That’s what they call it when things you love become obsolete. Things like broadcast television. Your 1970 Oldsmobile
Cutlass SS 440. Bowler hats. Jazz music.
We’re never allowed to ignore the ticking clock of life’s second-hand movements. We’re all on a death march, sure, but every 20 feet, we get another signpost pointing it out. We’re getting old, we’re getting older, we’re really, really old.
Today, as I type this on my superfast titanium MacBook Pro, I can glance over at my grandfather’s typewriter, sitting locked in its “portable” case—a 1935 Remington Rand with every key and leg intact and nary a scratch anywhere on her. She’s so obsolete, I refrain from ever touching her, lest one of the last ribbons in the universe become completely used up.
I’m wearing headphones plugged into my iPhone, which has, among a zillion other things on it, like a GPS unit and a game where I fling cartoon birds at poorly-constructed buildings of wood and stone.
I guess I have no one else to blame but myself. I was willing to settle, even though I could tell the difference. An MP3 just sounds flat. Sure, it’s a handy means of collecting a lot of songs into a conveniently small package—I could fit my entire record collection onto my iPhone, while they take up an entire wall of my home office. But the MP3 compression makes everything portable in a way nothing ever could before…except maybe the Sony Walkman.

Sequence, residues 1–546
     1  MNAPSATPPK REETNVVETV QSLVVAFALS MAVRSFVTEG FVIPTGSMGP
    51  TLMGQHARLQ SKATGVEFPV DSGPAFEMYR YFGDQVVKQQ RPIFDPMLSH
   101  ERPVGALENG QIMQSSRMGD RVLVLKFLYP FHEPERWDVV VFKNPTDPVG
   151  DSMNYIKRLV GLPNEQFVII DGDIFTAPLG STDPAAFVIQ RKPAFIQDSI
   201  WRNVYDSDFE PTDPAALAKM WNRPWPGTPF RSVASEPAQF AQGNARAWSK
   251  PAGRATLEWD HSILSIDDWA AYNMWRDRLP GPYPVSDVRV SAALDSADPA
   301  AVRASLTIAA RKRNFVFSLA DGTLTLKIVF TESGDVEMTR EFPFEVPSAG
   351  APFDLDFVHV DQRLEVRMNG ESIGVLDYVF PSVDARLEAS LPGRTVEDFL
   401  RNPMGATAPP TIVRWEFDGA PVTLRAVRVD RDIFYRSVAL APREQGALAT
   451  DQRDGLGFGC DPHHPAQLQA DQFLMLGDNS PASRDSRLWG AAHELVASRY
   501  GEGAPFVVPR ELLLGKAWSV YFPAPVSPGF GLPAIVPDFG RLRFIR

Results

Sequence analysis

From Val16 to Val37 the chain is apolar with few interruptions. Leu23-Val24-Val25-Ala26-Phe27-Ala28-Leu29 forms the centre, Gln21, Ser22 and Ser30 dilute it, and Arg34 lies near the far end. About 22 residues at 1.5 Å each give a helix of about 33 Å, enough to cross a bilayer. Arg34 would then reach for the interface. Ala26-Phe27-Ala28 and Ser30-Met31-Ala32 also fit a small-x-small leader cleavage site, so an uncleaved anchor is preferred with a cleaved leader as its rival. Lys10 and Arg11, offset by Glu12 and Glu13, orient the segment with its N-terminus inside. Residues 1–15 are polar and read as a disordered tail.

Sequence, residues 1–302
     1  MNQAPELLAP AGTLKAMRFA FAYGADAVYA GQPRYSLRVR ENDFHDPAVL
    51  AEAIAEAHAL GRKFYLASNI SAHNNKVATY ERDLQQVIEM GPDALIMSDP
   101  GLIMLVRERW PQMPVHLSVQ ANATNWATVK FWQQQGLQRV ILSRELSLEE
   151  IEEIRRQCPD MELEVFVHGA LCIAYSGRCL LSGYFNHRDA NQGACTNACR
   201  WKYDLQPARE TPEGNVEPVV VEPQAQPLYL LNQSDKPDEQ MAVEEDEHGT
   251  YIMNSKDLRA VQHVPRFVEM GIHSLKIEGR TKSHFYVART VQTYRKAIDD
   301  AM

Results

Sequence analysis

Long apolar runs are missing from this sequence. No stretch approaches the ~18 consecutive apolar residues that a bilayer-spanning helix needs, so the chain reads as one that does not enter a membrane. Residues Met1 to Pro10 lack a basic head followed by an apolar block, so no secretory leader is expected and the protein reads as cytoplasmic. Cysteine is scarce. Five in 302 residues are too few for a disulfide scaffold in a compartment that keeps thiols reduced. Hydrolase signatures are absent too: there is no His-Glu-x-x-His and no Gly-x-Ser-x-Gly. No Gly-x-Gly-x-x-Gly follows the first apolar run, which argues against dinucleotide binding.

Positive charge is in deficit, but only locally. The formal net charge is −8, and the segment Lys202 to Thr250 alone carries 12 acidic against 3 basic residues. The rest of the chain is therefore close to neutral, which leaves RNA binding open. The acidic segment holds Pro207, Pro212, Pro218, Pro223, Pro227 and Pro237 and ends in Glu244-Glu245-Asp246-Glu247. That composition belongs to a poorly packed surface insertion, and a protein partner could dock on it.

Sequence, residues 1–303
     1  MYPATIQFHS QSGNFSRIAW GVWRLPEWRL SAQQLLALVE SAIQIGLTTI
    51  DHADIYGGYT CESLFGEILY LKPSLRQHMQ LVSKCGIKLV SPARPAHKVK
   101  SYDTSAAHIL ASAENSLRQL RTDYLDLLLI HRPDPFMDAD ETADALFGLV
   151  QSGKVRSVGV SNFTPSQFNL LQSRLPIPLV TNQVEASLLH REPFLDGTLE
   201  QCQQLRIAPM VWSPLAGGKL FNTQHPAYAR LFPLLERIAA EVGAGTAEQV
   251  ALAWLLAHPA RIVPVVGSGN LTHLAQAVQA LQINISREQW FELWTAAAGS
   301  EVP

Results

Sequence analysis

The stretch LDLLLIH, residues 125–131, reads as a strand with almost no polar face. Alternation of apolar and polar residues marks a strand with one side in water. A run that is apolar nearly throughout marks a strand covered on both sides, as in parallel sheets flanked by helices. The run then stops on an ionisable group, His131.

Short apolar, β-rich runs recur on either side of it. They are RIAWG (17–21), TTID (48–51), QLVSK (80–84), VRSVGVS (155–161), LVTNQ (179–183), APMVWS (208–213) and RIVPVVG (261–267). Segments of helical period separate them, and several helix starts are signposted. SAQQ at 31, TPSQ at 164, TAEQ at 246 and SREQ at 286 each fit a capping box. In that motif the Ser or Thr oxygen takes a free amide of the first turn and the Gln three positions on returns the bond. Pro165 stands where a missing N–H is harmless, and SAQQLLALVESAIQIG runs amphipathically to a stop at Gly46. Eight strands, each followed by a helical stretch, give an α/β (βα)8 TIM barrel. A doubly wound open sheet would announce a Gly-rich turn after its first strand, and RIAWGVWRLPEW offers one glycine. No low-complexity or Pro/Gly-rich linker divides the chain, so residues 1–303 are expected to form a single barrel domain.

Progess. This time, it’s the Sony Walkman, for whom the bell tolls. That ubiquitous little hand-held device that we could clip onto a belt or stick in a jacket pocket was the first portable device we could take anywhere that freed us from the shackles of Mom and Pop’s obsession with talk radio. They could listen to Hal and Charley to their hearts’ content while I jammed out to MJ and Prince without having to listen to my father complain about this “noise.”
That Walkman was more than just a device though. It was a means to create relationships—I could forge new bonds with others simply by exploring our shared appreciation of “Let’s go Crazy,” or “PYT.” It was a bridge that paved the way to my first crush, my first date and my first kiss.
Today, Sony announced it was no longer going to manufacture and sell the Walkman. After 31 years, progress has finally passed it by.
Aside from a curious passing nod to an ancient relic, on a slower news day—(mostly overshadowed by the discussion of to whomever Brett Favre allegedly did or did not send digital pictures of his unit) the announcement made little ripples in a world where we can now store the equivalent of the entire discography of the Progressive rock movement (yes, that includes Chicago) onto a listening device small enough to be mistaken for a postage stamp.
Here lies the Sony Walkman, 1979-2010. May she Rest in Progress.